Charitable Planning Can Be a Terrific Estate Planning Tool!
What many people do not understand is that charitable giving can be a client (donor) focused not charity-focused.
Would you like to use a wealth-building tool with the following characteristics?
- Increase your discretionary or “spendable” income.
- Reduce — or even eliminate –
- income taxes
- capital gains taxes
- estate taxes
- Provide a tax-free inheritance for your heirs.
- Leave a lasting family and social legacy.
You may or may not have considered charitable giving as part of how you distribute your wealth. Whether you have or not, charitable giving can give your wealth and estate plan a serious boost. There are many different charitable plans, but one we wanted to focus on is the simple but beneficial Charitable Gift Annuity.
- The Charitable Gift Annuity (CGA) “Triple Threat”
CGAs provide a “triple threat” of benefits in the following ways:
- Guaranteed Benefit Income Protection
A CGA provides for beneficiaries a guaranteed lifetime income (that can be immediate or deferred)
- Substantial Tax Benefits
There are three ways that setting up a CGA can be kind to your taxes.
First, when transitioning the ownership of a highly appreciated capital asset (marketable securities, real estate, business interests, etc.) to a charity in exchange for a CGA, you do not realize a lump sum capital gain.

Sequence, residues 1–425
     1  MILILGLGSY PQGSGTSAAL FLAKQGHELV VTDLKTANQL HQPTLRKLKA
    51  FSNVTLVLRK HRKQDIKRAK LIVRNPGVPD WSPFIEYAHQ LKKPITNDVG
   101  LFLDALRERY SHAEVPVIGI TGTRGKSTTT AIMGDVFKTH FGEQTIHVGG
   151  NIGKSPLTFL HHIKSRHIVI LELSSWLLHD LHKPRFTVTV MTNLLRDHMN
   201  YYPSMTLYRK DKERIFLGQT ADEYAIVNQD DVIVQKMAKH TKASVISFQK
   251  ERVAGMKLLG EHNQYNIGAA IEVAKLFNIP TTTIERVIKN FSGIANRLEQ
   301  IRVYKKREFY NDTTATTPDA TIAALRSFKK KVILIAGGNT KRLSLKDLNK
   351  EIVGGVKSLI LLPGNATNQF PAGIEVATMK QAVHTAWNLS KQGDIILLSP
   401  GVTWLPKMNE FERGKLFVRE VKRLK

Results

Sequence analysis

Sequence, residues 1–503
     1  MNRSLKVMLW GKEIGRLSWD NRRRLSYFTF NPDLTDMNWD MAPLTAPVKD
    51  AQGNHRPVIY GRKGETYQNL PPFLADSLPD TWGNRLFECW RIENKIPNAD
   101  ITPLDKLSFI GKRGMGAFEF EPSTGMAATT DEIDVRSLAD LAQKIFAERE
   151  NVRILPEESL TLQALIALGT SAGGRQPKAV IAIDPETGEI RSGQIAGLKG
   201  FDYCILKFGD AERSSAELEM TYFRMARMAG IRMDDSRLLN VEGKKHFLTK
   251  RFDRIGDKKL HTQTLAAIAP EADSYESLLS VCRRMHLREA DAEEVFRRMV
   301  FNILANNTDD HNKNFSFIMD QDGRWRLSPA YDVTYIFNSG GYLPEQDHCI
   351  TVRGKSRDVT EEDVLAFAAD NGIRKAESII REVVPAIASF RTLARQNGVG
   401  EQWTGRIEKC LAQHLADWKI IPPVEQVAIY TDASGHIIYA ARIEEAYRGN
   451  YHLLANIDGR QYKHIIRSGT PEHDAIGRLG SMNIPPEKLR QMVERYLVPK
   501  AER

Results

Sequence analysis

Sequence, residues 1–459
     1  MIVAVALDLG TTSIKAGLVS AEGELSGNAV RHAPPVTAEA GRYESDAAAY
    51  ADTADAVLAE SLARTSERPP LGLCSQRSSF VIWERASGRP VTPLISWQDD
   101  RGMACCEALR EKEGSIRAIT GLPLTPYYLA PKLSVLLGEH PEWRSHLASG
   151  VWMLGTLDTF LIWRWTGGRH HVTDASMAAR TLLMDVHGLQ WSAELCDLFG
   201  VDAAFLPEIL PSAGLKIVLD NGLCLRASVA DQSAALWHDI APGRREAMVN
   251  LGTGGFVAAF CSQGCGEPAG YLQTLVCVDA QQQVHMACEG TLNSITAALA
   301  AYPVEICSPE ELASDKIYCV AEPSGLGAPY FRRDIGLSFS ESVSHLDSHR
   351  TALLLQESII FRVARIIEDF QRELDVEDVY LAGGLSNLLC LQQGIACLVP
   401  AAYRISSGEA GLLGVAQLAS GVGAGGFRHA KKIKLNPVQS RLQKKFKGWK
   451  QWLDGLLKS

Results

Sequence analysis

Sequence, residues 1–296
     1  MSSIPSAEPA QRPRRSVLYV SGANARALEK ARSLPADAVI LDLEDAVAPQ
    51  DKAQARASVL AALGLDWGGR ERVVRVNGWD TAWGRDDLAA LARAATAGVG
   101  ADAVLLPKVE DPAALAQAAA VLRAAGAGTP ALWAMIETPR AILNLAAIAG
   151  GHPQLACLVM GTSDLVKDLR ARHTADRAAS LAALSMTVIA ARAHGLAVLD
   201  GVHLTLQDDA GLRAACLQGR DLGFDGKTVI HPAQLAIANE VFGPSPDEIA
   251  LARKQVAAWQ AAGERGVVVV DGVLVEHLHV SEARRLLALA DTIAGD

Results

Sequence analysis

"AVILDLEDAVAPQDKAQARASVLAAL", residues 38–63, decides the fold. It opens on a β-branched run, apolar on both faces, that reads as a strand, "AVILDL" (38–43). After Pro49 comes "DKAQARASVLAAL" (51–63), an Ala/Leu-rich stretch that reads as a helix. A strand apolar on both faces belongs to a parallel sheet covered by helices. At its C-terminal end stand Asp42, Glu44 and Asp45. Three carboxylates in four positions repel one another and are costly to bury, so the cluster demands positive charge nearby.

Second, a substantial immediate income tax deduction is given, with any surplus deduction allowed to be carried over up to five additional years. The exact details will depend upon your tax situation.
Third, moving an asset to a CGA, it removes the asset from your taxable estate, which can greatly reduce potential estate taxes.
Not only is there a direct charitable benefit, often a CGA can be set up so that the charitable funds are directed by your heirs.
This has a two-fold benefit. Not only does this help to teach your heirs about charitable giving, but it also, quite possibly, insures that your values are continued.
This is a strategy even the Grinch could love.
Wealth replacement is a fancy term for buying life insurance with some or all of the income stream that would flow to you from the CGA. The theory is that you could give away a $500,000+ asset to a charity, get a current income tax deduction, and use the stream of income from the charity to purchase a $500,000+ life insurance policy. The life insurance policy would be purchased inside an Irrevocable Life Insurance Trust (ILIT). This way, the death benefit will pass income- and estate-tax-free to the heirs.
Charitable giving sounds simple—just give your property or money away, receive a deduction, and provide wealth replacement for your heirs via a death benefit, and everyone is happy. The reality is that setting up a charitable giving program is similar to buying life insurance. If you use the wrong advisor, the chances are significant you will be setting up a plan that is in your advisor’s best interest instead of doing what is best for you and the charity you are trying to benefit.